Researchers link lack of sleep, high blood pressure

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Not getting enough sleep may be a significant cause of developing high blood pressure, according to new research. Previously, studies connected cardiovascular problems with sleep disorders, but it was not clear what effects they might have on hypertension.

"People who sleep for only short durations raise their average 24-hour blood pressure and heart rate," said Dr. James E. Gangwisch, from Columbia University in New York. "This may set up the cardiovascular system to operate at an elevated pressure."

Sleeping less than six hours per night more than doubled the risk of developing high blood pressure in subjects 32 to 59 years of age, according to a report in the May issue of the periodical Hypertension. Researchers analyzed data from more than 4,810 people aged 32 to 86 who took part in the first National Health and Nutrition Examination Survey to reach their findings.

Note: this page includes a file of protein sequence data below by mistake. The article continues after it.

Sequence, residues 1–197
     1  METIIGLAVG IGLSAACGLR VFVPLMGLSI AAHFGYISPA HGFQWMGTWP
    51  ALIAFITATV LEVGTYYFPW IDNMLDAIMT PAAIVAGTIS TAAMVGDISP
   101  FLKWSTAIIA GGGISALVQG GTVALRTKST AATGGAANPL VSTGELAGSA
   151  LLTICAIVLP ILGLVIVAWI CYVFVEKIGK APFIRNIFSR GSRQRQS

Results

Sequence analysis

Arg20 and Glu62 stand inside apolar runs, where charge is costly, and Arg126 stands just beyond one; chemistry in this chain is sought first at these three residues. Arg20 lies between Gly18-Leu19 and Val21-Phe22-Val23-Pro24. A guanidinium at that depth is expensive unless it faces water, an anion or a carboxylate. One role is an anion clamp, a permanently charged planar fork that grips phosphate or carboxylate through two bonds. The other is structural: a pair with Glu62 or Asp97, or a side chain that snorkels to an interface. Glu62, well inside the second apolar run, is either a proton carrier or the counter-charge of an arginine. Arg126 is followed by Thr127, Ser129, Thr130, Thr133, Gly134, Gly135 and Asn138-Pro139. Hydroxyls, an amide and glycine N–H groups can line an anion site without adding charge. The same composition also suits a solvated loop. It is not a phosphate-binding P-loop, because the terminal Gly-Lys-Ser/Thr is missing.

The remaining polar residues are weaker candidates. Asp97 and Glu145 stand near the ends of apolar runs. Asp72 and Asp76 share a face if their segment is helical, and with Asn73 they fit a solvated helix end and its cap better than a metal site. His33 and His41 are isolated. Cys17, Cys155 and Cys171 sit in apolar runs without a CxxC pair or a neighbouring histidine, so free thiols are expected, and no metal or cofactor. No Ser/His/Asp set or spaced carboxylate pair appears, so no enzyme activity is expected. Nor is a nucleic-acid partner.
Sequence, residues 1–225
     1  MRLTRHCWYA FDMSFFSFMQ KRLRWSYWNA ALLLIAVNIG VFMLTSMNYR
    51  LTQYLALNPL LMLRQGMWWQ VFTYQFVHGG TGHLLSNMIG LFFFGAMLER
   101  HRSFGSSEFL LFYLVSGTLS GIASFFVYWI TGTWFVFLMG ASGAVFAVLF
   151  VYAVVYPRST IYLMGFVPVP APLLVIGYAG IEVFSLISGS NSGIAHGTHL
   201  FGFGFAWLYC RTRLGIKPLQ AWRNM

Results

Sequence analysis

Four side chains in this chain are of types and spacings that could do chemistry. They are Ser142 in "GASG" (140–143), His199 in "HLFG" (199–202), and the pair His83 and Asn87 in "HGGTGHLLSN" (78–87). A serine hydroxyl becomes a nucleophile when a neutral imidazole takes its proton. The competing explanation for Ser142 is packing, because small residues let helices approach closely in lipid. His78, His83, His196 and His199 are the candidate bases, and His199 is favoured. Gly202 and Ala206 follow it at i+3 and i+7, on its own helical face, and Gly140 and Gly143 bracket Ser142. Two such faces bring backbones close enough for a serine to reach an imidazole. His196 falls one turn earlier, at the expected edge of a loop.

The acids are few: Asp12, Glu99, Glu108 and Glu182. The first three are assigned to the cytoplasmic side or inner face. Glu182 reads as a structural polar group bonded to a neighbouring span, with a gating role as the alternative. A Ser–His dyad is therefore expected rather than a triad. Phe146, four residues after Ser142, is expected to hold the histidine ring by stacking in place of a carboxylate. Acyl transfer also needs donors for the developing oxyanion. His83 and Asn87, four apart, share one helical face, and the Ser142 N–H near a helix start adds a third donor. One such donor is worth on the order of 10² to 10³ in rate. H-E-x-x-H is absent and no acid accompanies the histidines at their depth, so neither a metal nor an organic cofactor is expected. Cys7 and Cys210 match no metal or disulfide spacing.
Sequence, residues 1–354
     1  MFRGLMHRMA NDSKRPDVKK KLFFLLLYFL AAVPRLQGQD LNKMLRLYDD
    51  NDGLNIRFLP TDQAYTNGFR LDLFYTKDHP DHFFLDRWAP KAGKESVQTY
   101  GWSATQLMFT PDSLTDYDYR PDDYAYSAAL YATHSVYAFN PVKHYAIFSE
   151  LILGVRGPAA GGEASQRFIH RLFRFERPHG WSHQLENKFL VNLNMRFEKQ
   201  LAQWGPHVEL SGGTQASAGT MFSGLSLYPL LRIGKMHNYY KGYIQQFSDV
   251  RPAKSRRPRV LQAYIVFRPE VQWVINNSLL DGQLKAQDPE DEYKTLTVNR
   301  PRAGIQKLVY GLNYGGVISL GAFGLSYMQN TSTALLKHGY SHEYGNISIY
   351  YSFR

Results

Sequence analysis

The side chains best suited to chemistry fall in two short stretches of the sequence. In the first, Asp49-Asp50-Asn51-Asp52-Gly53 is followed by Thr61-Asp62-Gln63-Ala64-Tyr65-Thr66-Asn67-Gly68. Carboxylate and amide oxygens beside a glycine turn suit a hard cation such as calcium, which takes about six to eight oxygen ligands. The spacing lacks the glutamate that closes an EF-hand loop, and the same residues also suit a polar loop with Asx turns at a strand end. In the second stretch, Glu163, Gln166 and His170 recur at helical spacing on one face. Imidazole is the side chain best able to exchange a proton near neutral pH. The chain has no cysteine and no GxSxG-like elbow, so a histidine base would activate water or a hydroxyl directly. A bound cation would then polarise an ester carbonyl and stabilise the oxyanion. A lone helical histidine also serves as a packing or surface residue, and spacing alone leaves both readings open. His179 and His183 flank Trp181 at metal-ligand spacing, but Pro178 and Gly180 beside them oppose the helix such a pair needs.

"If short sleep duration functions to increase blood pressure, then interventions that increase the amount and quality of sleep could potentially serve as treatments and as primary preventative measures for hypertension," researchers noted.
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